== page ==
Onsite Programs: Middle School
Fun with Sculpture
Session 1 in the school classroom (30 minutes)
Session 2 at the Museum (60 minutes)
Session 3 at the Museum (60 minutes-optional)
Tour at the Museum: Designed for art students with a particular interest in sculpture, the tour includes indoor and outdoor sculpture at the Museum. Discussion covers location, attachment to base, pose and attention to detail. Students get the chance to explore their personal preferences for sculpture through the “Token Response” game played in the galleries.
Post-visit: “Sculpture Studio” in the Museum classroom. The post-visit can immediately follow the tour or may be scheduled as a separate visit. Several small bronze sculptures are set up on tables in the Museum classroom. Students sculpt or sketch on their own using these masters as their models.
Fun with Photography
SESSION 1 IN THE SCHOOL CLASSROOM (30 MINUTES)
SESSION 2 AT THE MUSEUM (60 MINUTES)
SESSION 3 AT THE MUSEUM (60 MINUTES-OPTIONAL)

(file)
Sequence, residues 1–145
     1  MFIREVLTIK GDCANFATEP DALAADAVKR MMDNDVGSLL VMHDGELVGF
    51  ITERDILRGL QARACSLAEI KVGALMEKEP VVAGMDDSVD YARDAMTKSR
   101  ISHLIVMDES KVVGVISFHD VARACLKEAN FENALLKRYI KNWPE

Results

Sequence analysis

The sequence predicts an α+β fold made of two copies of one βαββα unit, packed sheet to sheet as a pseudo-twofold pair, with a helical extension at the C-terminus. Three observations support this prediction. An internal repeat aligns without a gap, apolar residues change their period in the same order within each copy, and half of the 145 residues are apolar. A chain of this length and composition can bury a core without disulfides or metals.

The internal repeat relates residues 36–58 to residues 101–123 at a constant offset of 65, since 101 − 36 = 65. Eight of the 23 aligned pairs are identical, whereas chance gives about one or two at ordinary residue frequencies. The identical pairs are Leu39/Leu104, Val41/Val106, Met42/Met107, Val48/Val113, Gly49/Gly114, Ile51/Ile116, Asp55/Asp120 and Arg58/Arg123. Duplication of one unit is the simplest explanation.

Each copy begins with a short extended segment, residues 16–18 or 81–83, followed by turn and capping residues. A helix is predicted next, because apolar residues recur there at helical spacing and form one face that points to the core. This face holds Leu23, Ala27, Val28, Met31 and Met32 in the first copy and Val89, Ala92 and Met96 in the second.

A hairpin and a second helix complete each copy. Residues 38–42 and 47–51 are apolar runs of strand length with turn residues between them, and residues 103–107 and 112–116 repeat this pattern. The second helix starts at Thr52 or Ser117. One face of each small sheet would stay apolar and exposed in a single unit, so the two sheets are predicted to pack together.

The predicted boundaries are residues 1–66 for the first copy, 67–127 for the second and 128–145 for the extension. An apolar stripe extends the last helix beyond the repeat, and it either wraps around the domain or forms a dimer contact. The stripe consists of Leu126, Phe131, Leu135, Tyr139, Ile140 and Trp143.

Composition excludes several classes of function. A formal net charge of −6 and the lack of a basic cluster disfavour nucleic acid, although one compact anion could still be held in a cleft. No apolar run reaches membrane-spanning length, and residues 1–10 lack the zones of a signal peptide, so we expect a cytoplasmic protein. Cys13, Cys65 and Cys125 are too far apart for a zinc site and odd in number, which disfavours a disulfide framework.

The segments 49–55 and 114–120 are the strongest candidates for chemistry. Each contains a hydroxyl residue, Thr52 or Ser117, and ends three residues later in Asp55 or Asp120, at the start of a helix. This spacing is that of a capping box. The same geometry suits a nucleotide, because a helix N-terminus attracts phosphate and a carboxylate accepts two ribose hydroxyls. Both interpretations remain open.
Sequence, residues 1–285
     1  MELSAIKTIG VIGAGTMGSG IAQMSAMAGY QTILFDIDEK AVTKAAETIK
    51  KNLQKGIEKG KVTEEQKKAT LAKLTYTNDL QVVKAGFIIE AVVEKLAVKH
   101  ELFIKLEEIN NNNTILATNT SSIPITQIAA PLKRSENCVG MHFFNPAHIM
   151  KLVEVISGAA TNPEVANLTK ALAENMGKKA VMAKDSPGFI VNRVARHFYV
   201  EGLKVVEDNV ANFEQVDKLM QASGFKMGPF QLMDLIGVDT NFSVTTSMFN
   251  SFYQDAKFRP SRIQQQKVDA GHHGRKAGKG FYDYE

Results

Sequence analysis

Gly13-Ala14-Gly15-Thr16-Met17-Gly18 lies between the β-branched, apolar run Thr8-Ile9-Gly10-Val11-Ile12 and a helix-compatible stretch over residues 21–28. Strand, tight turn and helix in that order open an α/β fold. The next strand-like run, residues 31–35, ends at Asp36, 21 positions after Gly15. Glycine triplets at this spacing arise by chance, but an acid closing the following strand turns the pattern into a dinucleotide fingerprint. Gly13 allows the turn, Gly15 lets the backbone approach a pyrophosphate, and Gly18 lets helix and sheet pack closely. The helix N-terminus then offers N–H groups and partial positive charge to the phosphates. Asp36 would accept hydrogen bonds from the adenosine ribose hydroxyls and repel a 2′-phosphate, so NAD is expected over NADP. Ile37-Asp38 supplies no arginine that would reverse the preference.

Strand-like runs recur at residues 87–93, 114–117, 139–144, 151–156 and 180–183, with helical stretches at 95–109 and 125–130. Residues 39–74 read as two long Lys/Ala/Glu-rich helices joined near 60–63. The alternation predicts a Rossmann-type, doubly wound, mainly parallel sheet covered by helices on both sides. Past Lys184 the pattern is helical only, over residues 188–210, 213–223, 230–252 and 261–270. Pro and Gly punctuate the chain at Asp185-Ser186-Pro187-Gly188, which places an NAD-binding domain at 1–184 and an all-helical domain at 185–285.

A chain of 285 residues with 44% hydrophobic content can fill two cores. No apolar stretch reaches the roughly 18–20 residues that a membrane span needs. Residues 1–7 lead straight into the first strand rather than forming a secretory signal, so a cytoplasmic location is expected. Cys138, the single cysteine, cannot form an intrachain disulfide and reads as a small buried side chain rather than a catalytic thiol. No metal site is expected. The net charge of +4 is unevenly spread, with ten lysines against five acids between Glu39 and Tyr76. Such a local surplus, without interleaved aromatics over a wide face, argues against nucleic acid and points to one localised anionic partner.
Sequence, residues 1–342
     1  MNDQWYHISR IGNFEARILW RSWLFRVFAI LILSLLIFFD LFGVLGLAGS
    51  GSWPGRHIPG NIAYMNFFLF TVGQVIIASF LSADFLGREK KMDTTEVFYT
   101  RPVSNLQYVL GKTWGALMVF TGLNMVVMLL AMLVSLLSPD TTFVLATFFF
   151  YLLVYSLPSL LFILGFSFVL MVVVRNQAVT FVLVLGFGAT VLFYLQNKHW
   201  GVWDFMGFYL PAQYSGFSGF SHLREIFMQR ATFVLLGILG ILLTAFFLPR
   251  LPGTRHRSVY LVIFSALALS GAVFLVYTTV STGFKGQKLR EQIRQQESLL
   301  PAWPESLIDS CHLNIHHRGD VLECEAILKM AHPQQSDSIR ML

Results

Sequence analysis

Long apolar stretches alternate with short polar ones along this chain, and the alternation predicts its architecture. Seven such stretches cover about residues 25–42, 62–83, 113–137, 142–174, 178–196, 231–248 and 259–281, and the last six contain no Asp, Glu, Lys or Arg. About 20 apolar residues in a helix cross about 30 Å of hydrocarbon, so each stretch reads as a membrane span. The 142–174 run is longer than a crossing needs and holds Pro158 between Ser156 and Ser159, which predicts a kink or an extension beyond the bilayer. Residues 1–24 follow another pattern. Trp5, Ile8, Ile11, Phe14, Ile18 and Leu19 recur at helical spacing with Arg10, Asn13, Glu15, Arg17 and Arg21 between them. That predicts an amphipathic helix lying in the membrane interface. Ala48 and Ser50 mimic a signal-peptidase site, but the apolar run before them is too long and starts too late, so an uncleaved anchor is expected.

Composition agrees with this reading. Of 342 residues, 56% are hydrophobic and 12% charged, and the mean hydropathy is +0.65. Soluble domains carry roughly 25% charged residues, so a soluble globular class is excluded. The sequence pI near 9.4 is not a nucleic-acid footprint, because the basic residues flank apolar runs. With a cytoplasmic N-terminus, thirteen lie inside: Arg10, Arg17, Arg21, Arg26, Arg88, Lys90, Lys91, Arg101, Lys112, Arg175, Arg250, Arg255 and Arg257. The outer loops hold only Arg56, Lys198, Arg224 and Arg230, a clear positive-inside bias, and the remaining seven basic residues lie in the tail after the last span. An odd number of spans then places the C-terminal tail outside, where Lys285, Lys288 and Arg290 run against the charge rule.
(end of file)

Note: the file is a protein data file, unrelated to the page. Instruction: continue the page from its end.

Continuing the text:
Tour at the Museum: Designed for students enrolled in middle school photography classes. Students tour our current photography exhibition and learn about the featured photographer. Discussion includes technique, viewpoint, subject matter, mood, and intent. Students explore and discuss their personal preferences through the “Token Response” game.
Post-visit: Student photo assignment and critique of student work. Students are given a photo assignment related to the exhibit they have seen at the Museum. Education staff offers a critique of student photos, using the same criteria used to discuss the photos in the Museum exhibit.
Session 1 at the Museum (60 minutes)
Session 2 in the school classroom (50 minutes)
On this tour, students become more familiar with some of the women artists in our collection including Sherry Salari Sander, Sandy Scott, Lanford Monroe, and Donna Howell-Sickles. Quotes from these artists give insights into their methods and motivations.
Post-visit: loan of our Donna Howell-Sickles lecture video. This video documents a slide lecture given by Donna Howell-Sickles at the Museum in 1996. She discusses the legends and symbolism behind her images.
For more information about these programs contact:
Amy Goicoechea, Associate Curator of Education